On to the main courses. My Chamois was utterly delicious – perfectly cooked à point, and perfectly accompanied with the pepper sauce enhancing the slight gaminess of the meat. The only criticism here was that it really wasn’t warm enough for my taste, but this could have been because it might have stayed too long at the passe, or also because the policy of the restaurant is to send the dish out from the kitchen without sauces which are then poured on to the plate afterwards by the waiting staff. That’s a bit of a double edged sword – on the one hand it’s a good idea because the sauce isn’t left evaporating on a hot plate in the kitchen before it is sent into the dining room, but on the other hand, if there is a delay in putting the sauce on the dish, there is a risk of it getting too cold.
The woodcock was incredible. Split down the centre lengthwise, you had a perfect mirror effect on the plate. And of course, this made the eating of it that much easier, particularly in getting into the brain. With a whole bird, to get to this delicacy, you had to bite into the head and suck out the brain, but here you were supplied with the tiniest of spoons, so that you could scoop the brain easily out of the cranium which had been perfectly split in half. The breast was again, perfectly cooked à point and the deeply flavoured, gamey sauce was also light and delicate. I must say that I was very grateful to Jean-Daniel for letting me have a taste and so pleased that he found it so delicious as a game-eating novice.
The piéce de boeuf was based on a classic Troisgros invention of simplicity and accuracy of cooking although I felt the texture of the beef to be a little tougher than I expected.
All this was washed down with a bottle of Gamaret 2009 from Nicolas Bonnet, one of the top producers in the Geneva appellation. Gamaret is a hybrid grape produced by crossing Gamay with Reichensteiner and is especially found in French Switzerland. This example had more spicy depth than pure Gamay, quite full in the mouth and an excellent accompaniment to the game as well as the beef.
Desserts were a highlight, both pleasing to the eye as well as the palate. Roxane’s Guyaquil chocolate and coffee fondant was a dense piece of semi-melted chocolate wrapped around an equally dense coffee ice cream and Jean-Daniel’s meringues givrées au citron, orange et pamplemousse was an extraordinary concoction of little meringue balls hollowed out with frozen lemon, grapefruit and orange sorbet within – a simple effect, but oh so complex to produce – a masterpiece which tasted so refreshing and refined. My Baba aux vieux Rhum de Guadeloupe, crème double de la Gruyère à la vanilla de Bourbon, was a lovely light baba soaked in alcohol, but I found the accompaniment of the cream cheese a little on the heavy side and lacking a bit of unctuousness. I drank a glass of Amigne de Vétroz 2009 from Madelaine Gay, a pretty unique varietal found only in the Vétroz area of the Valais. This wine is produced either dry, medium or sweet. Of course I had the sweet version with my dessert, but it didn’t really have enough sweetness to compliment the dessert, which was a pity, but as such afterwards it was a very pleasant digéstif.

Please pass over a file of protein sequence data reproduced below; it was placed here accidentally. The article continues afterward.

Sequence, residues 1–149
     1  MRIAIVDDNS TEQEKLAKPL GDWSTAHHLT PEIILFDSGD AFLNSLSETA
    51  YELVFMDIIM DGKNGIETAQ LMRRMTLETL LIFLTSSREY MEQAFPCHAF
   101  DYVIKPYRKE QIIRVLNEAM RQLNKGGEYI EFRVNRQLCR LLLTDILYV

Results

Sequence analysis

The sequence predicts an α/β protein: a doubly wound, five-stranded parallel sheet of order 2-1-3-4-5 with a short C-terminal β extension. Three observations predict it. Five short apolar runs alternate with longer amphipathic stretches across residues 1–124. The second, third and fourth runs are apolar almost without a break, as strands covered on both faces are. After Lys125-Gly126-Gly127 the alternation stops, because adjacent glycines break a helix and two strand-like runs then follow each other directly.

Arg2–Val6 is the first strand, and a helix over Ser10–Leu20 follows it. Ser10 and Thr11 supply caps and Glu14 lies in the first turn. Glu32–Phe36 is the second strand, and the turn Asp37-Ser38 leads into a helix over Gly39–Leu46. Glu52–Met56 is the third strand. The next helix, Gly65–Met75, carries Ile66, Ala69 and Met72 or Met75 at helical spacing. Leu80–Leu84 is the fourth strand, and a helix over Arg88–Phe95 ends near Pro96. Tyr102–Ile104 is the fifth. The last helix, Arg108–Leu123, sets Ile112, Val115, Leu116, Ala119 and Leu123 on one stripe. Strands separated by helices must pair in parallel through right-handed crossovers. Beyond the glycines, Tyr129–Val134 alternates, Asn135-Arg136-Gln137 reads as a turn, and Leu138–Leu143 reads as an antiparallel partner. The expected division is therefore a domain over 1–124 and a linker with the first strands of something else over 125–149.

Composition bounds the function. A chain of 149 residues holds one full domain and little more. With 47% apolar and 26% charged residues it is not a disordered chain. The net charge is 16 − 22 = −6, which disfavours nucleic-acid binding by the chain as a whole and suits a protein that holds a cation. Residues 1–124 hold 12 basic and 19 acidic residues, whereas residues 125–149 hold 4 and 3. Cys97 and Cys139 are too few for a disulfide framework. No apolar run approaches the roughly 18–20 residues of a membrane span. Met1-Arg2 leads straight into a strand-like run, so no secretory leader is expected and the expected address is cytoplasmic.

To sum up – this is one of the finest restaurants that I have ever been to. The cuisine is accurate, punctilious, and above all, non-fussy. What I mean by this is that it is wysiwyg. (What you see is what you get). Everything on the plate, apart being beautifully presented, is edible and there are no too clever by half inventions or adventures into strange combinations that may or may not work. That’s very comforting. This is really Haute Cuisine with a capital “H”, a fine continuation to the guidelines laid down by Frédy Giradet 40 years ago, a continuation of perfecting traditional standards with modern aplomb.
Of course, this doesn’t come cheap. Our meal for three came to SFR 752 – about £500 or $800, but to sustain this level of quality, a large brigade of chefs are required in the kitchen and we also shouldn’t forget the front of house staff as well. In fact, service was pretty night impeccable – attention to detail without being either overbearing or obsequious was an important contribution to the overall satisfaction of the evening. And the sommelier gave us a great call with the Gamaret.
I’m saving NOW to be able to come back next year!
Restaurant de l’Hôtel de Ville
1, rue d’Yverdon
Tel: +41 (0)21 634 0505
Value for money: 13